Being based in the UK, do you rep a lot of American and Canadian projects as well or mostly UK films?
We are representing English speaking feature films, but these can come from anywhere. Our current lead line-up movies are ‘Edie’ directed by Simon Hunter, a UK production shot in Scotland and ‘The Witch in the Window’, a US production directed by Andy Mitton. We are always looking for Australian films as well as Australian filmmakers that have a visual style which connects with us. Nowadays it is no longer relevant where the sales agent is based. We travel all year long to all the film markets. Our business is global, and we adjust our office hours to be available for certain parts of the world when necessary. It matters more that your sales agent understands the film and your vision and has a clear idea of how to present it to buyers.
Can a sales agent help with foreign pre-sales?
Absolutely, although pre-sales are now reserved for a selected few. You will no doubt have noticed that the distribution industry is struggling all around the world with major companies failing. Theatrical distribution has become a hit or miss business and pre-acquiring films has never been riskier. Unless the proposed project fits the perfect formula, I wouldn’t rely on pre-sales to close the financing of a film.
When is it best for a film to “go to a film market” vs a sale with a distributor independent of a market?
We sell our films all year round during and in between markets, but we need a launch platform for the film to go out to the industry with a bang and there is no better place than a market, if the film is in the early stages or at a festival if the film is completed. Choosing the right time to bring a film to the market is part of our strategy. You can “burn” a film by announcing it too early and going through rounds of markets with nothing happening on the project. And you can also miss opportunities by not presenting early footage to buyers to build interest and momentum.
What are mistakes that you often see filmmakers make?
One of the most common mistakes we see is the misuse of actors. Just because an actor is famous doesn’t make him right for the film. Filmmakers should think first about who the target audience for the film is and then cast within that pool of actors. There is no need to over pay for an actor that is not relevant to the film’s audience.
Another mistake often made is locking picture without showing the film to the industry. Sales agents will be able to spot a scene that is not important to the story arc but will trigger censorship in several territories and advise accordingly.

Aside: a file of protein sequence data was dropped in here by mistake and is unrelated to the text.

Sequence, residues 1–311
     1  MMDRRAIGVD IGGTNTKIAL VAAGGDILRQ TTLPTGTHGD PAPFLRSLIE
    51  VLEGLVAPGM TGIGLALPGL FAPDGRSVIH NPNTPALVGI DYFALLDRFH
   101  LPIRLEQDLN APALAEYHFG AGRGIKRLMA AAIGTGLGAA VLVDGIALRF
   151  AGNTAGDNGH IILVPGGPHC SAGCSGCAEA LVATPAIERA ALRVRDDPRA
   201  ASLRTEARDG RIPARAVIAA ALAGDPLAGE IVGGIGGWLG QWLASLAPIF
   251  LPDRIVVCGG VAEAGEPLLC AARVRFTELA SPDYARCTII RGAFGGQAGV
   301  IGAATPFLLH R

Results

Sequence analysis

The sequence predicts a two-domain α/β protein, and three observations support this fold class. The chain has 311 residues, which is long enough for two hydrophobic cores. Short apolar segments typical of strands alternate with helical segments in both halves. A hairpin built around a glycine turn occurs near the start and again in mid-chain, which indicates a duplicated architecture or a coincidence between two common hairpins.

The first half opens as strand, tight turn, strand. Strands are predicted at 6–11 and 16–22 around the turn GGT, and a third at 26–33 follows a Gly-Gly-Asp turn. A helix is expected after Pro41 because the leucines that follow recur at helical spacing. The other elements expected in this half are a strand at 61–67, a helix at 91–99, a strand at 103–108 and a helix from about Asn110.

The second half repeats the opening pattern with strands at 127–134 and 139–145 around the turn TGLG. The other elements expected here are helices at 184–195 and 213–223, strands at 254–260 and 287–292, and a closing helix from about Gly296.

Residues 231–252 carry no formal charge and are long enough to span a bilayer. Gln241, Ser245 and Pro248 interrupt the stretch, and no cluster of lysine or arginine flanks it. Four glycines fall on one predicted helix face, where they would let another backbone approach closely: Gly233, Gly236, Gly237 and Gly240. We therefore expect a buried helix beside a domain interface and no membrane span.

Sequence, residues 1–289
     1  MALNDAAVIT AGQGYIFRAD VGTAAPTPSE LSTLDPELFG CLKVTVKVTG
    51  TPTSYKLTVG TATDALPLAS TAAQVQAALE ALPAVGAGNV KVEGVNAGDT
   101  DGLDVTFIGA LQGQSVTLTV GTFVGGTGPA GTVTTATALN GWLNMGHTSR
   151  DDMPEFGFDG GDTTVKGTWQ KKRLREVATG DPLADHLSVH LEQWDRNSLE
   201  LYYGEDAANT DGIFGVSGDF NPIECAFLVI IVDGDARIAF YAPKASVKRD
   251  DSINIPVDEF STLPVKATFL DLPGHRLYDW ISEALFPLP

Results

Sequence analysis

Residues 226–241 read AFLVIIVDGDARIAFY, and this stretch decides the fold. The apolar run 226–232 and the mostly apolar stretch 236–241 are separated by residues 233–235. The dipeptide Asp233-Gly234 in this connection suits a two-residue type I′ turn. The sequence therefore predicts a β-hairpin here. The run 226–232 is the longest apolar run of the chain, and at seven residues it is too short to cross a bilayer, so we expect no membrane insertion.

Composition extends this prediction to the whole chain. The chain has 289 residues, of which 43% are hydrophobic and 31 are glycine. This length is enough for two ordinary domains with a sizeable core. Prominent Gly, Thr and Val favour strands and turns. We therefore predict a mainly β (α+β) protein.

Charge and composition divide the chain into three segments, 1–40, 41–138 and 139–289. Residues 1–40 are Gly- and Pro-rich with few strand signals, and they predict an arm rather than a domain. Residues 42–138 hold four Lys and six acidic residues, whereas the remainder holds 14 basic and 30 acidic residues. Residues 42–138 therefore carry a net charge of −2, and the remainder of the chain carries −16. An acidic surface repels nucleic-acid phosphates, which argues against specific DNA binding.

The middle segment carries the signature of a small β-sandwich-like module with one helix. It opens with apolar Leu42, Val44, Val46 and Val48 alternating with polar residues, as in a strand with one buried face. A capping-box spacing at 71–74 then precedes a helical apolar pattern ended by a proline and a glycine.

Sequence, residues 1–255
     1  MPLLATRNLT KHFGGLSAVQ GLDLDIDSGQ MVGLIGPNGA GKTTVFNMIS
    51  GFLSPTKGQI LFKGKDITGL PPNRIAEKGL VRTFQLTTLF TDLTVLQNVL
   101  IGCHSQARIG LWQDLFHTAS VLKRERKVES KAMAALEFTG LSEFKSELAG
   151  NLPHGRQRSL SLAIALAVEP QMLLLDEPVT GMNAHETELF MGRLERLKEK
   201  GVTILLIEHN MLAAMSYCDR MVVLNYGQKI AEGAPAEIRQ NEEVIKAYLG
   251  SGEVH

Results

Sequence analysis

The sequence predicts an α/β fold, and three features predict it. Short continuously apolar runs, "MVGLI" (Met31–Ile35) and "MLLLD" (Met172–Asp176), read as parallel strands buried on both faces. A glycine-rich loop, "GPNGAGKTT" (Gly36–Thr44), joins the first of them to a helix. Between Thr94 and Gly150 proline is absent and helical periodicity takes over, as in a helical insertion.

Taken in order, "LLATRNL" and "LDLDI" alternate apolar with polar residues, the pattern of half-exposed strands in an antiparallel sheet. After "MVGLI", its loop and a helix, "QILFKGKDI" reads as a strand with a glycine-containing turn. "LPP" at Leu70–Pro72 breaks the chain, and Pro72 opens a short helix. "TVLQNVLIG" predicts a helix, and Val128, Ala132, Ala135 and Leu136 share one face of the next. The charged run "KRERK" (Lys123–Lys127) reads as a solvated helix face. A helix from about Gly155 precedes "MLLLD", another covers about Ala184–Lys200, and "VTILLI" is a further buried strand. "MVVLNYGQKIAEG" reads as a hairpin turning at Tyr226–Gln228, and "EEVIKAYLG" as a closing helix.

Often underestimated is the use of the stills photographer. To create marketing materials distributors will need proper stills that are not screen grabs. We request all our filmmakers to create a set of publicity green screen shot of the actors. Filmmakers too often use their onset photographer for behind the scenes which are of no use to anyone.
We regularly see films with too many establishing shots used to transition between scenes. While the audience needs to breathe, there are other ways to connect scenes which should already be built into the script.
At the moment, we see a lot of films with drone shots. While the technology is fantastic and cheaper than a helicopter, filmmakers should keep in mind that the quality of the drone shots should not be compromised. Even a good grade can’t hide a low res drone shot.
If I could give filmmakers a piece of advice it would be: you are not alone. Ask for advice, share, keep learning, surround yourself with talented people and feed off their expertise.
Examples of things that filmmakers have done in the past that make your job easier and/or helped them secure strong distribution and even an up-front buy?
We have a collaborative approach. We like to involve filmmakers in the process. They like to introduce them to interested distributors, we encourage them to travel to festivals and always try to get them invited to the premiere of their film, we require their help for the promotion of the film on social media and as a general rule, they should get out there, meet people and act as the spoke persons for the film. A film release that has the support and help of the filmmakers is always more successful. Filmmakers can help create a buzz around the film that will pique buyers’ interest.
Are there trends you are seeing in 2018 and going into 2019? Things that an indie filmmaker should take note of?
While each film should be unique and its own piece of art, the industry still follows trends as we are still in a consumer led industry. We saw the trend of social realism a few years back that only an elite group of directors still succeed with. For the past couple of years, we saw a focus on diversity and equality, slowly moving towards immigration during the last year or so.
It is almost impossible to make a film that will appeal to everyone and every territory, but character and story led movies will always find an audience.
What do you love about your job?
The best thing about my job is this opportunity to be creative within a business focused role. We get to travel and meet incredible people from all around the world that share the same passion and drive. There is something thrilling about finding a film you believe in and see it being released around the world connecting to its audience. When you sit in this screening room surrounded by spectators and you know that you contributed to making it happen. It’s such an empowering feeling.